Managing The Extraordinary

Do these names mean anything to you? Marc Bulger, Chad Pennington, Tee Martin, and Giovanni Carmazzi. To refresh your memory, they were the four quarterbacks that were chosen before Tom Brady was drafted by the New England Patriots.

On paper they looked better than Brady in every way. According to the powers that be in the NFL they were going to be much better quarterbacks than Brady, who was one round away from selling insurance. 

Tom Brady had been overlooked and under appreciated by coaches his entire career. He was never slated to start at Michigan despite the fact that he had come off the bench and led the team to two unbelievable comebacks.

Let me ask you this. How many Superbowl rings do the four guys I named in the first paragraph have combined? Nada. And I’ll let you remember how many Brady has.

Tom Brady is a winner, andan  extraordinary winner. If you have any doubts about that, go to YouTube and watch Super Bowl 51 against Atlanta.

But even after that and then another two Super Bowl appearances for New England, one of which he won, (he would have won another except play-by-the-number disciplinarian Belichick decided to bench Super Bowl 49 hero Malcolm Butler for being late to a meeting. Really? Are we in Junior High?)

And then even then, the Patriots were ready to put Brady out to pasture because statistics said he was done. But of course, we all know he was not!

The Brady story is a perfect example of not being able to recognize, appreciate or manage the extraordinary performers. The great ones, the ones who according to the stats should not be great, but that’s because there are no statistics to measure heart, determination, and passion. And most coaches and managers do not have the vision to see beyond the stats and measure heart and passion.

What about us? Can we understand and appreciate that passion? 

Bill Russell led the Boston Celtics to 11 NBA Championships in his 13 year career. At one point 9 of them in a row! He was a great player but most importantly he was a great winner. But the real difference was that he was an extraordinary player, coached by Red Auerbach who knew how to coach an extraordinary player like Russell and together they made sports history.

How about you? As a sales manager, as a company leader? Do you know how to discover, appreciate, and manage extraordinary players? Do you know how to motivate and inspire them to their full potential?

The best thing to do is look for characteristics in your people. Look for these traits:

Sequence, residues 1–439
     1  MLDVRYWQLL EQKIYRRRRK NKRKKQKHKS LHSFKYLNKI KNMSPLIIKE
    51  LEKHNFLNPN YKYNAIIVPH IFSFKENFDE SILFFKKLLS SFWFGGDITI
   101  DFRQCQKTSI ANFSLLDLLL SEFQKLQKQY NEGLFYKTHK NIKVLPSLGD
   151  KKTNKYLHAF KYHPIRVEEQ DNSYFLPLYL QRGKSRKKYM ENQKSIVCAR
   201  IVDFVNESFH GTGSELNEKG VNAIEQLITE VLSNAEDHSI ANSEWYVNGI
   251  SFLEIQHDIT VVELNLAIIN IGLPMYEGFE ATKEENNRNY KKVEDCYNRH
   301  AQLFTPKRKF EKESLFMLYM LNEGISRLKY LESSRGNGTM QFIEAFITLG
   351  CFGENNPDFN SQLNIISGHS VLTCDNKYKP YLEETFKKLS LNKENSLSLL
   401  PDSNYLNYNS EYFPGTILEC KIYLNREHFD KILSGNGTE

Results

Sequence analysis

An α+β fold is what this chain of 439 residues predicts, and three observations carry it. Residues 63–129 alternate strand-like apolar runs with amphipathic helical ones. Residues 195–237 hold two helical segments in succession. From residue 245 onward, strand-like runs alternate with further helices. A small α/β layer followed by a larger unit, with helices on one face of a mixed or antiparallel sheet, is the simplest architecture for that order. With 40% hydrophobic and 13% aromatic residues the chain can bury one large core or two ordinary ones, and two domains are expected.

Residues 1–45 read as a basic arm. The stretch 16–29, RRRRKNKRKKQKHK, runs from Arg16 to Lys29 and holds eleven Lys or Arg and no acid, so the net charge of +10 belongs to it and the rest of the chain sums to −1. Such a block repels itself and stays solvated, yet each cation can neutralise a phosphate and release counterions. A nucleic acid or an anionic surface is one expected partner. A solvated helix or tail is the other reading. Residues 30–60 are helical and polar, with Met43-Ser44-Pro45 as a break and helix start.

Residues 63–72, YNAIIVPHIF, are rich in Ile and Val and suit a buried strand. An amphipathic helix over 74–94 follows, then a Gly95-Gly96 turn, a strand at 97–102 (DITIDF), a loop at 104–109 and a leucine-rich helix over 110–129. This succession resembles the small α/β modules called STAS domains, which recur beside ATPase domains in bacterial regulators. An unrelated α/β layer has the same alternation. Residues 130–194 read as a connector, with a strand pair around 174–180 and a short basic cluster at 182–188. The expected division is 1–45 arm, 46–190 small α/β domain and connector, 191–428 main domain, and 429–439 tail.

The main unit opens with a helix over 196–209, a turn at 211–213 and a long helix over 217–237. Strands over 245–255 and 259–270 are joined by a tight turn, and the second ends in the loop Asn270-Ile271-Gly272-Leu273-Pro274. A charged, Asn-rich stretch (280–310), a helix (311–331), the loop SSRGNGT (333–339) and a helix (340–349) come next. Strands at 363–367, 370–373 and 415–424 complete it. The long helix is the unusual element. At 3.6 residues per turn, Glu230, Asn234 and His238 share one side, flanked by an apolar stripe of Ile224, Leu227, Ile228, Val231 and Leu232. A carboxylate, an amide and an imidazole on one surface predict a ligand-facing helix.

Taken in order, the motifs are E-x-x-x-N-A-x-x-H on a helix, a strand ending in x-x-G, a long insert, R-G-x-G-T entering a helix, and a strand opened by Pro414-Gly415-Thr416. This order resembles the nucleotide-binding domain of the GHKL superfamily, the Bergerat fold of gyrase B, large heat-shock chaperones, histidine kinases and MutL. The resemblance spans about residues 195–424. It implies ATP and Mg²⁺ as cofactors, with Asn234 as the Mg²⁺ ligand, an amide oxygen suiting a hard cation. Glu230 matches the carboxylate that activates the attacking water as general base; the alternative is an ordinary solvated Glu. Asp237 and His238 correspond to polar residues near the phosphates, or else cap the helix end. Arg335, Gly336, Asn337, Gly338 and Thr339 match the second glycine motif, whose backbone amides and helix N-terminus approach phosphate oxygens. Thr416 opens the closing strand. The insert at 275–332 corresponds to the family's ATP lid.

• Passion: is the person passionate about what she does. Is she all in?
  • Is he always learning everything about his job and his career?
  • Is she career driven, not only focused on the job she has now but looking for and planning her successful career as well.
  • Is he creative? Does he always find a way to get the job done? No matter what the obstacles he faces he gets it done.
  • She has grace under pressure. While others around her are losing their heads, does she stay calm and move forward with confidence and assurance?
  • Is he smarter than you? Yes, smarter than you. And can you accept that and go with it?
  • Does she  work well with others, creating a team effort? Do other teammates want to work with her? Do they look up to her as a leader?
  • Is he determined to win, no matter what? Finding a way to win no matter how long it takes.
  • Does she stand out among her peers in the industry, always finding ways to exemplify her leadership skills?
  • Does he, in the end, perform better, far better than anyone else in his peer group?

And how about you as a leader of an extraordinary person?

  • Are you ready to put your ego in your pocket and welcome people on your team who are smarter and better than you. Not many people can do this. Many of them cannot let go of their ego and try to keep extraordinary employees down out of jealousy.
  • Can you make doing their job as friction free as possible, paving their path to greatness?
  • Are you able to not only motivate but inspire your superstars to greatness? Coaching and encouraging them to exceed their greatest potential?
  • Will you make your mark in their lives by being a great mentor to them? Understanding what they do best and helping them to do it better?

Finally, as a leader you have to be a supporter to all of your people. not just your superstars. And if you can do this well, maybe just maybe you can start making everyone on your team extraordinary. It’s only common sense.